Sixty-five years ago (Aug. 6, 1945), Lt. Theodore Van Kirk, as flight navigator for the Enola Gay, embarked on a mission to drop the atomic bomb on Hiroshima (Nagasaki was two days later on Aug. 8, 1945) and essentially change the world as it was known.
“One said, ‘We think that you’ll be OK if you’re nine miles away when the bomb explodes,'” he recalls. “And that kind of got our attention. And we said, ‘you think?’ They said, ‘We just don’t know. Probably best to be at least nine miles away.'”
[…] “This was always the most poignant to me,” he says, looking at a photo of a solitary man standing amidst a sea of rubble.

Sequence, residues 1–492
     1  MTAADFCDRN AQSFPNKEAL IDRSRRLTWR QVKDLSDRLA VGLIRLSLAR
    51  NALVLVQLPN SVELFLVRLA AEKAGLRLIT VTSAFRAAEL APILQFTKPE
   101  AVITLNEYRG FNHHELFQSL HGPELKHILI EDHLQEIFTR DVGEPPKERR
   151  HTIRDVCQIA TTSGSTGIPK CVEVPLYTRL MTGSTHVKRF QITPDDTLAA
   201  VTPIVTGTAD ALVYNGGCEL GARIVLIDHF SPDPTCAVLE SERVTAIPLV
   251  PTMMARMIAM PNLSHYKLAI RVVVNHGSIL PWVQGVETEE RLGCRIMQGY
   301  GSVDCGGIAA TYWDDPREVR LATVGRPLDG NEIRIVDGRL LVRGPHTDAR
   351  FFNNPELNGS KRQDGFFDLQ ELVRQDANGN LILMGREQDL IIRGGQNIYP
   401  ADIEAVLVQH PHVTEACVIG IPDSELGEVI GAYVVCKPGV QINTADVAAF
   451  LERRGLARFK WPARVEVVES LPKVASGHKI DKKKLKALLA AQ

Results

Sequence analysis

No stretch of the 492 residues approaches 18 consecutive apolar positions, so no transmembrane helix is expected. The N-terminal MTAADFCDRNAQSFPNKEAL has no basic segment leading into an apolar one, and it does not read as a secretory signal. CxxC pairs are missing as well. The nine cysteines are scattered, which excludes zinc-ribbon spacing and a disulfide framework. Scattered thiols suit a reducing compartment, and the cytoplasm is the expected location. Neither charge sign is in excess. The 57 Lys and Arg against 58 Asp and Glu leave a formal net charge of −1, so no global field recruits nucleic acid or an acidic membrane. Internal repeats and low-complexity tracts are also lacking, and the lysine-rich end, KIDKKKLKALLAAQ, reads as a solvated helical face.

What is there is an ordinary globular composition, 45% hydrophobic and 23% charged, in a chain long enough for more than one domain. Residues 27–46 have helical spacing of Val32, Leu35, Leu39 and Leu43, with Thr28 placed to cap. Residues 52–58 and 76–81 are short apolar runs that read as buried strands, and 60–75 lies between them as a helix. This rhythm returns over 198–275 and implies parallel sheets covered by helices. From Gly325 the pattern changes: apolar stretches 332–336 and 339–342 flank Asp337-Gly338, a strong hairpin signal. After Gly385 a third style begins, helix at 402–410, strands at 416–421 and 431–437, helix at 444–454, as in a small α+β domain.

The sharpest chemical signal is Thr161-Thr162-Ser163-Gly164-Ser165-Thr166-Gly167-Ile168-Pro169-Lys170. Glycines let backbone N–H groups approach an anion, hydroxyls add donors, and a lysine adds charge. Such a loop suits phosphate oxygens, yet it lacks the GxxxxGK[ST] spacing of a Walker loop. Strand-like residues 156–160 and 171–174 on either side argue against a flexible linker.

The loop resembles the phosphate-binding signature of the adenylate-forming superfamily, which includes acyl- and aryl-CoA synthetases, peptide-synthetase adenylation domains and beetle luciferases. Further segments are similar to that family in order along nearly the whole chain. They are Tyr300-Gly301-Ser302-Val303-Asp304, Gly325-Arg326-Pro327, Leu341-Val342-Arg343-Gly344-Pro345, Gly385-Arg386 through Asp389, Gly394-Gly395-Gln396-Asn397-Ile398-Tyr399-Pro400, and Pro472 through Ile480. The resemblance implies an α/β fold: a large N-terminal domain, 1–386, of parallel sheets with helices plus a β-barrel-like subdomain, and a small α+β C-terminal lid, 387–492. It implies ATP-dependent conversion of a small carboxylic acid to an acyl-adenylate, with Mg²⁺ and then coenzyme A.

“After the war, we went to Nagasaki before the occupation forces arrived,” he says.
“And this Japanese is returning through his home, which no longer exists. Can you imagine? Coming back to your home and finding this?”
His hands spread open over the page. Then he slowly taps the photograph.
“Coming home to nothing.”
The Enola Gay was named by pilot Paul Tibbets in honor of his mother and it only flew one mission. But, the bomb they dropped from that mission killed 100,000 Japanese people and ended World War II. Nothing fascinates me more than accounts of ordinary people thrust into extraordinary historical circumstances and how they deal with those repercussions. [via]